Microsoft's change of heart on its certified software engineer (MCSE) programme has left a number of companies still in the position of having to upgrade their certification or risk losing their certified partner (MCP) status.
Microsoft had announced its intention to de-certify software engineers who hadn't upgraded their MCSE from NT4 compliant to the new Windows 2000 standard, but reversed its position earlier this month, saying it would now allow engineers to keep their MCSE rating.
However, the new scheme only allows MCPs to keep their status as Microsoft partners if they upgrade their engineers' certification.
According to Microsoft's MCSE website, "The policy change does not affect the certification requirements for the 2002 Microsoft Certified Partner program. The list of eligible MCP exams were announced in May 2001 and did not include any Windows NT 3.51, Windows NT 4.0, Windows 98, or FrontPage exams. Customers ask for partners to be certified on the most current Microsoft technologies. The partner program requires the latest certifications on products, and Windows 2000 certifications meet this criterion."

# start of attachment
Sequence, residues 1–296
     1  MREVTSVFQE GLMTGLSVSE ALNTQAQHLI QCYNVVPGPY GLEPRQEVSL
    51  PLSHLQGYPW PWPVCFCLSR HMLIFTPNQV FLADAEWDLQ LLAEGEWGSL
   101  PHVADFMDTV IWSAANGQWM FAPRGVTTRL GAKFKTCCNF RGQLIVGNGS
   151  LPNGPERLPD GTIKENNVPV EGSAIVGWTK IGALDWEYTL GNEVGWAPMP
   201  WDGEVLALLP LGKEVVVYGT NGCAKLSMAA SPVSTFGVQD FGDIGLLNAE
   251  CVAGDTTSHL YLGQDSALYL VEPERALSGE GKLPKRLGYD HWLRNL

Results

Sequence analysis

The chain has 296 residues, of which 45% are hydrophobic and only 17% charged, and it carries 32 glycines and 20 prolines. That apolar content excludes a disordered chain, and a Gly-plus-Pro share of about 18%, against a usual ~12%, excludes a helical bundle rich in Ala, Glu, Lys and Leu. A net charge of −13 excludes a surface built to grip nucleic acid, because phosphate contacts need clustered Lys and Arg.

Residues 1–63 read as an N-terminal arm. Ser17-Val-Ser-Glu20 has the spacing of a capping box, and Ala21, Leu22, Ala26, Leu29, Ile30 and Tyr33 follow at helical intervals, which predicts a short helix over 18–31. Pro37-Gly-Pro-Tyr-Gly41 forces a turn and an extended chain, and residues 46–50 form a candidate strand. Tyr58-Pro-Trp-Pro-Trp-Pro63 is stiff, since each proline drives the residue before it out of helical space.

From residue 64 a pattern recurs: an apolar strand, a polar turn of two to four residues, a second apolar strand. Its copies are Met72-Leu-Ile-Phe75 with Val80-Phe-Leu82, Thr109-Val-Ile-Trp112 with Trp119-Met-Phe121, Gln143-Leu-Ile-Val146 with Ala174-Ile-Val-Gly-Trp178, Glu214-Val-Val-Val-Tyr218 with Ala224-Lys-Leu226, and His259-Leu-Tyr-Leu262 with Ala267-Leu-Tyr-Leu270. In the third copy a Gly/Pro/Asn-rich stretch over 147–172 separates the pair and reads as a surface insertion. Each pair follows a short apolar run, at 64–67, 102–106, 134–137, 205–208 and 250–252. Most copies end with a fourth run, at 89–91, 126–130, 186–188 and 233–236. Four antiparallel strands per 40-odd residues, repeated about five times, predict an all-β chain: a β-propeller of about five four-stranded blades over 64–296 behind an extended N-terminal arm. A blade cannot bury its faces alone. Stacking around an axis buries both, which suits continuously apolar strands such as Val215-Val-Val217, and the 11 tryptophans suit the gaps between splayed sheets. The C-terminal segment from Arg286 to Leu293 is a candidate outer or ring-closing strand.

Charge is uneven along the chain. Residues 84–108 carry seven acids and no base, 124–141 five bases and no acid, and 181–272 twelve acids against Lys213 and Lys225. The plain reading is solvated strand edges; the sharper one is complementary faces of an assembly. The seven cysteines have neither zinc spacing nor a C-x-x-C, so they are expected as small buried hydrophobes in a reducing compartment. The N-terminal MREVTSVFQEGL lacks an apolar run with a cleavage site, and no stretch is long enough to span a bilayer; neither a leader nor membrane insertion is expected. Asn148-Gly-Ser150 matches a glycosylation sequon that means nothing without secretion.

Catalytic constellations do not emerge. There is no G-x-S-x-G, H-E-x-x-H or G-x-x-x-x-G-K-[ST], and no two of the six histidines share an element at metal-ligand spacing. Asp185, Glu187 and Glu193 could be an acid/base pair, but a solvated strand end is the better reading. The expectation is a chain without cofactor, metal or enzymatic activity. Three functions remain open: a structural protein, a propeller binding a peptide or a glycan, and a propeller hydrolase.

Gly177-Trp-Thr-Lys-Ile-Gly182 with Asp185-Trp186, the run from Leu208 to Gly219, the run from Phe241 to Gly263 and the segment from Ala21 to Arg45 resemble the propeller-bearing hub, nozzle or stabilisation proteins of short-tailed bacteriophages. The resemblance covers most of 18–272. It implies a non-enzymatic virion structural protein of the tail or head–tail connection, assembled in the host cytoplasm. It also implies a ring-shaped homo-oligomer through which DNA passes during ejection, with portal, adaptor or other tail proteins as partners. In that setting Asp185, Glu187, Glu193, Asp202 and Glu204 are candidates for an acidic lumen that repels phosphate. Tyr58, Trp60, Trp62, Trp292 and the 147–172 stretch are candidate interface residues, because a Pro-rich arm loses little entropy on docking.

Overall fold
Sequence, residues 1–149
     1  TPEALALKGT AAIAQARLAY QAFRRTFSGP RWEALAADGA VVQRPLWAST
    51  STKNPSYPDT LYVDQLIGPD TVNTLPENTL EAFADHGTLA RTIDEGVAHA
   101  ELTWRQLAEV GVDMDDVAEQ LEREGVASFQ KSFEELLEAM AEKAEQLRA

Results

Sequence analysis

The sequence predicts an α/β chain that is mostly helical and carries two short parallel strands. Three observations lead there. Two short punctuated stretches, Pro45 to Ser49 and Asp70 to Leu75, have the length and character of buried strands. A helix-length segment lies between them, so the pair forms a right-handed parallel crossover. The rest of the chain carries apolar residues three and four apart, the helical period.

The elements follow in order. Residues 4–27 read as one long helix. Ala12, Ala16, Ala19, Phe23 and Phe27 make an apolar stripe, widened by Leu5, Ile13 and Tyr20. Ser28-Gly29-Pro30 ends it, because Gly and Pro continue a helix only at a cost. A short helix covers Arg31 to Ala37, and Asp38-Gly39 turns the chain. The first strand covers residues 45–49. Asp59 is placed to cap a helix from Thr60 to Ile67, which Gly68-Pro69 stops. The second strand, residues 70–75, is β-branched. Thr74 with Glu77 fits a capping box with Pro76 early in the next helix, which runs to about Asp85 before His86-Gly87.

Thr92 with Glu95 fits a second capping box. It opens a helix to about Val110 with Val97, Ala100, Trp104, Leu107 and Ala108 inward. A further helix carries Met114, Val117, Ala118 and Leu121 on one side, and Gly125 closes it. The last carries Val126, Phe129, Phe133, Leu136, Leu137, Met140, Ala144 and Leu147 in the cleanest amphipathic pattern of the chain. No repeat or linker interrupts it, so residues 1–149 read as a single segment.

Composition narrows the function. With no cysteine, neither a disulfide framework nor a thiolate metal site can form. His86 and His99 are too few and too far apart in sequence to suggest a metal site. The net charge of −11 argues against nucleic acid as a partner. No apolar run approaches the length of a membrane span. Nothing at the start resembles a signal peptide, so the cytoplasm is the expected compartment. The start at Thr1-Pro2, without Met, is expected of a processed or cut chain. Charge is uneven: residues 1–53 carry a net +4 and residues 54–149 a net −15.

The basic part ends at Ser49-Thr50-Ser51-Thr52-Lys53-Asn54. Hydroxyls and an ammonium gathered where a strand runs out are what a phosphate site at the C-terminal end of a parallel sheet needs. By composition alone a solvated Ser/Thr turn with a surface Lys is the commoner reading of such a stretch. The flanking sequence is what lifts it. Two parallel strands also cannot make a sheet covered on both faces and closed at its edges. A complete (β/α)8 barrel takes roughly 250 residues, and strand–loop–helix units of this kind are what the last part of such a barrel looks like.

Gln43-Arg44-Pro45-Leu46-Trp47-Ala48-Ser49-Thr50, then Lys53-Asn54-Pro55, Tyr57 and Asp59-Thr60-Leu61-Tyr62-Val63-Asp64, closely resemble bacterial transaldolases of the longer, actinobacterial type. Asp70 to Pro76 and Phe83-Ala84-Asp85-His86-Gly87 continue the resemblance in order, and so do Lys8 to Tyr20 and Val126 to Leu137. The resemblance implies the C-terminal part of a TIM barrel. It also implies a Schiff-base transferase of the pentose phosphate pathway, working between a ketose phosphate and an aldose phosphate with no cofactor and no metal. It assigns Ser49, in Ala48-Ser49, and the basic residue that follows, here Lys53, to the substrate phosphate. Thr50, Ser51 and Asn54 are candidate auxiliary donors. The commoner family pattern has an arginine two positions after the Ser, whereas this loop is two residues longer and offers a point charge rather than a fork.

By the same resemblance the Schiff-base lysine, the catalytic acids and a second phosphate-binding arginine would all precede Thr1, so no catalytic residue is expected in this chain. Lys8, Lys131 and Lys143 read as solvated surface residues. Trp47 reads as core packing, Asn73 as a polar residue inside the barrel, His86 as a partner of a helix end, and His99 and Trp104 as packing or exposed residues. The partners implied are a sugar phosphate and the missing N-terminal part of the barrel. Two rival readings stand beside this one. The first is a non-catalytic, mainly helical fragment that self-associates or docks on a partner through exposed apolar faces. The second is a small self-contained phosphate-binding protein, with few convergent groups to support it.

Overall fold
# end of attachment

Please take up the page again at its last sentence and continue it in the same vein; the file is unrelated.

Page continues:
Microsoft New Zealand director for sales and marketing, Ross Peat, says the situation depends on individual circumstances.
"To be eligible for the Microsoft Certified Partner program organisations need to have a minimum of two Microsoft Certified Professionals [people who have passed one current Microsoft certification exam]. If their current certified professionals are certified with Windows NT 4.0 then yes they will need to upgrade their certifications to Windows 2000 to qualify for the 2002 MS certified partner program."
But Peat says if the engineers have current certification in other products, such as Exchange, Visual Studio or SQL, then "no, they don't need to do any further upgrading".